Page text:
It was the peak of summer, and the journey is 20 hours across the desert. An overnight train to Nukus, Uzbekistan.
WHY ON EARTH DID WE TAKE THIS TRAIN?!
The Aral Sea (more especially now) is one of the most remote inland bodies of water accessible as a traveller. To get there, we took the overnight train from Tashkent to Nukus for the first part of that journey.
Seriously though? We loved this train trip.
For us, this was one of our biggest train journeys to date and we loved the challenge and adventure of that being across the desert in Uzbekistan. Admittedly we had a bit of a dramatic start to the trip (picture us quite literally stuck in the train corridor where it was too narrow to turn around with packs on, and starting to panic in desert temperatures…) but it added to the adventure.
If you get to Central Asia; don’t miss taking the train in Uzbekistan. And if you are with kids for this part of the journey, then read on – it is totally doable.
QUICKLY; ABOUT UZBEKISTAN
Language: Uzbek, Russian
Currency: Uzbekistani so’m
Religion: Islam 92%, Eastern Orthodox 5%
TRAIN TRAVEL IN UZBEKISTAN
Uzbekistan has a network of high speed trains, so taking the Golden Road to Samarkhand can actually be done in just a few hours. But if you want to cross 1000km of desert towards Karakalpakstan, this is a job for the trusty Soviet era trains to make that trek. Quite honestly, it doesn’t appear that much has changed on the trains since it was left with the Uzbeks…
Uzbekistan Railways operates several night trains connecting Tashkent with Bukhara, Urgench, Nukus and Termez; with the longest of these trips being the 20 hour journey to Nukus. The train to Nukus departs four times a week from Tashkent (arriving from Almaty, Kazakhstan), leaving the station at 2:00pm and with a maximum speed of 90km/h, it arrives the next morning at about 06:00am.
Night train carriages and classes:
- 3 Spalniy Vagon (SV) sleeping carriages, each with nine 2-bed compartments
- 10 kupe sleeping carriages, each with nine 4-bed compartments [we chose one of these]
- 4 platskart sleeping carriages, each with 54 beds in dormitory style
THE JOURNEY FOR US
We turned up at the station in Tashkent at about 1:00pm, keen to be early for this adventure (remember, we don’t have train travel in New Zealand… so taking a train fullstop was an adventure for us). Staff checked us in and we passed through security with no hassles. We had our tickets in hand, but we were genuinely relying on the help of strangers to point us in the right direction, as the entire ticket is written in Cyrillic, and we had no way of knowing any of the details!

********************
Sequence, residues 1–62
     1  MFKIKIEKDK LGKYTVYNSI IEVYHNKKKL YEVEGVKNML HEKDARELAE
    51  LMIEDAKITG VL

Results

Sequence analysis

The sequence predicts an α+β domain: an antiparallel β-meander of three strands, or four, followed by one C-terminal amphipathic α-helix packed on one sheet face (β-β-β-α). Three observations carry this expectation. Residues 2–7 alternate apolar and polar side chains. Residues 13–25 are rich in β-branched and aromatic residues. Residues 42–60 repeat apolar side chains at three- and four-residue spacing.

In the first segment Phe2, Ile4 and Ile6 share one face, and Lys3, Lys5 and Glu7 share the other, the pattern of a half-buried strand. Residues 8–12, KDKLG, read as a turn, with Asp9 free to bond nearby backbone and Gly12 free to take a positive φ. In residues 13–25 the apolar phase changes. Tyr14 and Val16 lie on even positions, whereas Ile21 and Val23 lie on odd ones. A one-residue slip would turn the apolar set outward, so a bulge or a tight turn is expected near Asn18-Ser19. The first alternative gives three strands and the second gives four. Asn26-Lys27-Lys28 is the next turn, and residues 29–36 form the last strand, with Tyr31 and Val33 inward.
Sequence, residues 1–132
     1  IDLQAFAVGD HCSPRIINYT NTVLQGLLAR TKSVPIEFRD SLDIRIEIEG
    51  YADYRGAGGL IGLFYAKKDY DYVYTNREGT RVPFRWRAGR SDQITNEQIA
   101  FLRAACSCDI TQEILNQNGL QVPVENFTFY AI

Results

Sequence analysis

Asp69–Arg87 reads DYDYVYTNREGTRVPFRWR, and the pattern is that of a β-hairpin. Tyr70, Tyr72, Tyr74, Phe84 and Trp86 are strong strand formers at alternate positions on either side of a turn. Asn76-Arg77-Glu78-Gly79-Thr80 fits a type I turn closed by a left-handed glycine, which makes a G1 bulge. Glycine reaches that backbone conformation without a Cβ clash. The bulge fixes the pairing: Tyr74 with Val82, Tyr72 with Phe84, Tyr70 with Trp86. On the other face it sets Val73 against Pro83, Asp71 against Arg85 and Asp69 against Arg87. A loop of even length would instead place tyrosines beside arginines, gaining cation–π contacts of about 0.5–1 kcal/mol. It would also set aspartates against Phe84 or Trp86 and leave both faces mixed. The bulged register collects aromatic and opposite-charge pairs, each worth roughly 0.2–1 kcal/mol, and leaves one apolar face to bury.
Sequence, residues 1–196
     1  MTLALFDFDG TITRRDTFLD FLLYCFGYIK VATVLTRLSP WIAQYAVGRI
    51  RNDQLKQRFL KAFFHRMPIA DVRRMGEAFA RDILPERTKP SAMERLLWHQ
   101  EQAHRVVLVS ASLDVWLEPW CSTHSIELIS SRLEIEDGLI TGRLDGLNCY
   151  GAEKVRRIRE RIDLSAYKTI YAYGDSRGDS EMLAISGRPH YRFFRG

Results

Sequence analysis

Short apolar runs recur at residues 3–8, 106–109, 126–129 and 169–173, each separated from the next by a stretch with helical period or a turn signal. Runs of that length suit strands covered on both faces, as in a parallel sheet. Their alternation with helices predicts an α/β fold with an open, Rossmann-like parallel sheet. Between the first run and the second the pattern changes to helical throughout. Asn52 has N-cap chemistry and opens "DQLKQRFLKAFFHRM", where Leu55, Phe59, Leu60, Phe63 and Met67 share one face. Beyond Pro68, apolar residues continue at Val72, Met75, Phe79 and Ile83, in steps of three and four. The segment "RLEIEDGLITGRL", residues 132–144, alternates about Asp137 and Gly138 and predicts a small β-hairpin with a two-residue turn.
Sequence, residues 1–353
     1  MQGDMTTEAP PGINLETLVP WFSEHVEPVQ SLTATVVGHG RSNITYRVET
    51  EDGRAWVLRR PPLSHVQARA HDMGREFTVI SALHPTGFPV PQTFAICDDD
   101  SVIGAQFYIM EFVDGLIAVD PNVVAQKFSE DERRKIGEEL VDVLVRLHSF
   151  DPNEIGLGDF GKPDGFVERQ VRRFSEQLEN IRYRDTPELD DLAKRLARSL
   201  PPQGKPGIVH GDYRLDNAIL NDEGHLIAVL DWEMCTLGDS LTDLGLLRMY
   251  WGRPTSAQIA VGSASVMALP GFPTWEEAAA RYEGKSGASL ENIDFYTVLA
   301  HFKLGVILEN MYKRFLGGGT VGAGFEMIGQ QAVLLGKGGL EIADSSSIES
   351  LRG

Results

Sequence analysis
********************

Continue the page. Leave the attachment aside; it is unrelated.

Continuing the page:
We had left our hostel early that morning to stock up on snacks at the Chorsu Bazaar, and felt largely prepared for a train journey in Uzbekistan. We bought another huge bottle of water and a juice for the kids at the station while we waited, as we had no idea what to expect as to whether the train had a restaurant car or not….
BOARDING THE TRAIN
At 1:40pm the guards waved for us to cross the pedestrian access to the next platform. The train to Nukus had arrived and it was time for us to board. We had spent the evening prior (with help from our hostel) marking the carriage and cabin numbers on our ticket. So in theory we knew where we should be. We boarded the train and found our cabin… but this was where the drama began. ‘Our’ cabin was already full of bags! Gavin and I were both carrying backpacks on our backs and fronts, and couldn’t even turn around in the corridor of the train. I started panicking as it was already 43°C on board and we were quite literally stuck – I wanted to get OUT!
We backed out of the corridor and trying to edge out of our packs we got back on the platform and started looking around in a panic. The platform was full and busy and no one spoke English.
CAN ANYBODY HELP US?!
Gavin sat down on the ground holding the bags and kids while I ran to find a conductor, or guard… or anybody(!) to help! I found one stern looking guard and tried desperately to explain (in panicked sign language) that we didn’t know where we were meant to be. No luck there. I was so thankful to remember Timur, who had come to the hostel that week and helped us book other tickets, and spoke great English that I fumbled around to find him on WhatsApp; rang him, and hurriedly thrust my phone into the hands of the stern guard in a hope to explain.
Whatever he said, it must have worked. The next minute the guard was throwing the bags out of the cabin and into the hallway as we made our way back in and nervously squeezed past him into the small space. Were we meant to be there?! Was this actually our cabin? Why didn’t we have any bedding?
But the train was off. And we were on board.
The rest of the journey was comparatively smooth.
THE HEAT OF SUMMER
It was suffocatingly hot to begin with. The boys took off their shirts as the heat was unbearable. The supposed air conditioning was struggling and windows weren’t seemingly allowed to be open.